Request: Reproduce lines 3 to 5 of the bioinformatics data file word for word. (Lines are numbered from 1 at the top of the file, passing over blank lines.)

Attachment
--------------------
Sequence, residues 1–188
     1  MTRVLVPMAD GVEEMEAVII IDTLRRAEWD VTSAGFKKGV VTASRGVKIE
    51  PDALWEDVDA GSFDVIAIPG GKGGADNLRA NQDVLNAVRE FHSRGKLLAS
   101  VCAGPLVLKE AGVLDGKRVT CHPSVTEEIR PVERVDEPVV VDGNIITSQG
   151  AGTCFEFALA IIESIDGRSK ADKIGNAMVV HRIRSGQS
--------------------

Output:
    51  PDALWEDVDA GSFDVIAIPG GKGGADNLRA NQDVLNAVRE FHSRGKLLAS
   101  VCAGPLVLKE AGVLDGKRVT CHPSVTEEIR PVERVDEPVV VDGNIITSQG
   151  AGTCFEFALA IIESIDGRSK ADKIGNAMVV HRIRSGQS